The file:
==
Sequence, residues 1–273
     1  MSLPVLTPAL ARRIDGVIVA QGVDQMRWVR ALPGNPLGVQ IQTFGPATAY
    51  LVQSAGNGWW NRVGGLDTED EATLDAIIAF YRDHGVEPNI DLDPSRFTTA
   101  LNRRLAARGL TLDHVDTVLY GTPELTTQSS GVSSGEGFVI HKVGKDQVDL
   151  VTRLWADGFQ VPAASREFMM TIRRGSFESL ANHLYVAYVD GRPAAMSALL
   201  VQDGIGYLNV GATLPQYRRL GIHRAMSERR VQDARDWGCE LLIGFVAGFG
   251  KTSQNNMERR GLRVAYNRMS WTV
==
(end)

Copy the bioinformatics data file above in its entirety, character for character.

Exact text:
Sequence, residues 1–273
     1  MSLPVLTPAL ARRIDGVIVA QGVDQMRWVR ALPGNPLGVQ IQTFGPATAY
    51  LVQSAGNGWW NRVGGLDTED EATLDAIIAF YRDHGVEPNI DLDPSRFTTA
   101  LNRRLAARGL TLDHVDTVLY GTPELTTQSS GVSSGEGFVI HKVGKDQVDL
   151  VTRLWADGFQ VPAASREFMM TIRRGSFESL ANHLYVAYVD GRPAAMSALL
   201  VQDGIGYLNV GATLPQYRRL GIHRAMSERR VQDARDWGCE LLIGFVAGFG
   251  KTSQNNMERR GLRVAYNRMS WTV